The Federalist | Jan 24, 2021 | 0
The Complete Election Cheat Sheet: What Happens On And After November 3
The Complete Election Cheat Sheet: What Happens On And After November 3
Sun, 11/01/2020 – 16:30
It’s after midnight on Nov 3, the US population has voted, and the election results are popping up across the media landscape. When will we know who is the next president? Well, due to the special circumstances surrounding this election including a record number of mail in ballots and countless court challenges involving the voting process, we may have to wait…. a while.
Below we lay out a timeline of key events and catalysts that everyone should be aware of.
After Election Day on November 3, the results of the election need to generally be finalized by December 8, which is known as the Safe Harbor Day, as this is when states select their EC Voters.
As Bank of America’s Michelle Meyer writes, in the 2000 election, this date proved to be an important factor for why the Supreme Court stopped the controversial Florida recount, which gave President Bush the win. Those selected EC voters will then officially cast their votes on December 14, to be counted by the next Congress on January 6 who will then declare the winner. Finally, January 20 is Inauguration Day which will begin the next presidential term.
The battle for the Senate
According to the Iowa Electronic Markets, the probability of the Democrats taking over the Senate and maintaining the House (Democratic Sweep) is the mostly likely outcome with a 57.5% probability, although this probability slumped on PredictIt last week sparking the furious Monday Selloff as traders braced for the risk of gridlock. But back to the IEM, the second most likely outcome with an 18.5% probability is a continued split Congress with the Republicans holding the Senate and the Democrats holding the House.
In the Senate, there are 35 seats up for grabs with 12 currently held by Democrats and 23 by Republicans. 10 of the Democrat seats are in solid Democrat states and 11 Republican seats are in likely or solid Republican states, according to the Cook Political Report. As we have discussed extensively in the past few months, there are a few seats that are at risk to flip parties. Specifically, current polling suggest Arizona (McSally) and Colorado (Gardner) are likely to turn Democrat, while Alabama (Jones) should turn Republican. That would at the very least whittle the Republican majority by 1 to 52-48. That said, 7 of the Republican seats are currently rated as toss ups with 4 in battleground states, leaving open the possibility of a Democratic majority.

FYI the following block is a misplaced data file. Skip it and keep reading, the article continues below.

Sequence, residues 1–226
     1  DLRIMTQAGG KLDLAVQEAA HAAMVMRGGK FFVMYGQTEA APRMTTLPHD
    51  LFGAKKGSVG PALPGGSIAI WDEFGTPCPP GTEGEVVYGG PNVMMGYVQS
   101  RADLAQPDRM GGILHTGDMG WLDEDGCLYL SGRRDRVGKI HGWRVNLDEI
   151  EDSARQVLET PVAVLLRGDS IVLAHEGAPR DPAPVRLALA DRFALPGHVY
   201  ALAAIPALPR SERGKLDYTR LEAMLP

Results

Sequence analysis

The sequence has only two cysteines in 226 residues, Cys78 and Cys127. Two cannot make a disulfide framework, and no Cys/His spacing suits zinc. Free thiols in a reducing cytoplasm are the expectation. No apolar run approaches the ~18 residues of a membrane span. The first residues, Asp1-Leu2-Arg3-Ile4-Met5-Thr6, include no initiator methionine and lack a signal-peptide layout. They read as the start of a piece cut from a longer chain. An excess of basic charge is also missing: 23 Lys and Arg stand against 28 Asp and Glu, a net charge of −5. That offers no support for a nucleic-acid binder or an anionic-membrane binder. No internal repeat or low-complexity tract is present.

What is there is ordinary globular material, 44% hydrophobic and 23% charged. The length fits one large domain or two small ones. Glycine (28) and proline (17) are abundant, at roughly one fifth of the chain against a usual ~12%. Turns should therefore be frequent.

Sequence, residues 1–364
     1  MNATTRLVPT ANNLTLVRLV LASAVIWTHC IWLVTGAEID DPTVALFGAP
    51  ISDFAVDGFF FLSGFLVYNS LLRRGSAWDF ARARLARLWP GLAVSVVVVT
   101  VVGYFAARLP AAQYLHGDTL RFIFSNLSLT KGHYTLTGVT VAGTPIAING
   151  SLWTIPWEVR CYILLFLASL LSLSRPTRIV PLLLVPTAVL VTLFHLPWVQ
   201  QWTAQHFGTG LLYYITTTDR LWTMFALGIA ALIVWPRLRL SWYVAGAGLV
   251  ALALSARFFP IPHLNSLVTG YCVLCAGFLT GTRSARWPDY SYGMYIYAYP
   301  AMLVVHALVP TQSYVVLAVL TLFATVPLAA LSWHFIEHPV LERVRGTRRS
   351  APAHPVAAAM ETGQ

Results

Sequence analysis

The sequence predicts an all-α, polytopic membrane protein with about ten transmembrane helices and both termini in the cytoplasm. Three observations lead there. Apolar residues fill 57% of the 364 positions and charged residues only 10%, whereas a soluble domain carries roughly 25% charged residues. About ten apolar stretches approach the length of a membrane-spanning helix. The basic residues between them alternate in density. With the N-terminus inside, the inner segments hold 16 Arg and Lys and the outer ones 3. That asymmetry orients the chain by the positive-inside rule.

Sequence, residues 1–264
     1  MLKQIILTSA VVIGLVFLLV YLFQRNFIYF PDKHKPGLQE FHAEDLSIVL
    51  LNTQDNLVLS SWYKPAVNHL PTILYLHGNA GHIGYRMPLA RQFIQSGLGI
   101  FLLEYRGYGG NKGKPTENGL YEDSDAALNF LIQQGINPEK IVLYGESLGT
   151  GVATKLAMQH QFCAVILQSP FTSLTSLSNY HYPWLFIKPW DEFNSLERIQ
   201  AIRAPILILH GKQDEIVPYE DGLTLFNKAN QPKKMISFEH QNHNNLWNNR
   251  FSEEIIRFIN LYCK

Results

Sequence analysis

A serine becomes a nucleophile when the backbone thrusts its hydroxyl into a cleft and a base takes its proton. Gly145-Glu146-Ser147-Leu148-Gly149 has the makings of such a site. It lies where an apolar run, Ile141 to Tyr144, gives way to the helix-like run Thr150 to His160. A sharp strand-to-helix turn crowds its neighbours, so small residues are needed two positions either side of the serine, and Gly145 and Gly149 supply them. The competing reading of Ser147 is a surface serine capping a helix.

That said, the overall composition of the Senate is unlikely to be determined until sometime in January due to election rules in Georgia which stipulates the race goes to a runoff if no candidates garners 50% majority in the general election and currently no candidate is projected hit the 50% threshold.
And with that in mind, here is a key primer for…
How to follow the news on Election Day. Here are a few tips from Bank of America:
Here are a few tips:
- Be wary of exit polls: The track record of exit polls is tenuous at best. In 2004, exit polls showed John Kerry winning the popular vote by 51% to 48% only to ultimately lose by the same margin. Similarly, there were major flaws in the 2016 exit polls which substantially underestimated the number of white working-class voters while overestimating the number of college-educated white voters, leading to bias results favoring Hilary Clinton. Pollsters claim they have fixed the issues ailing Election Day polls but the better mouse trap is yet unproven. Moreover, there has been unprecedented surge in early voting (both in person and mail-in) with over 70mn votes cast nationwide to-date and there is a major skew in voter day preference by party. Admittedly, pollster are aware of this issue and will enhance their methodology by polling at large and early voting centers but nevertheless this creates greater uncertainty in their estimates.
- Brace for head fakes: Results from battleground states should begin to trickle in just after polls close within each state (Table 3). First battleground states to report will be Florida, Georgia and New Hampshire where polls close at 7pm EDT (polls in Florida’s panhandle will close at 8 pm), followed by North Carolina, Ohio and Michigan, Pennsylvania, Minnesota, and Wisconsin. Type of ballots reported first will vary across states. For example, according to reporting done by the Upshot blog of the New York Times, battleground states such as Florida, North Carolina, Ohio, Arizona, and Iowa will report early in-person and processed mail-in votes first. Meanwhile, Georgia, Michigan, Pennsylvania, Minnesota, Wisconsin, and Nevada will not follow any specific order. Getting a clear sense of who is winning will be difficult given the large number of early voting by mail and absentee ballots and different rules around processing ballots, which we discuss below.
- Key demographics: In 2016, President Trump was able to tip the election by winning the older and suburban vote. A post-mortem of the 2016 election by the Pew research center showed that Trump won the age groups 50-64 and 65+ by a margin of 6 and 9 points, respectively and edged out the suburban vote by 2 points. During the 2020 election cycle, polls have shown President Trump consistently running below his 2016 election numbers in these key demographic groups. In this context, keep an eye on results coming out of suburban areas such as Maricopa County in Arizona and Peach County in Georgia and older leaning regions such as Sumter County and Pinellas County in Florida. Results in these regions could prove to be a canary in the coalmine.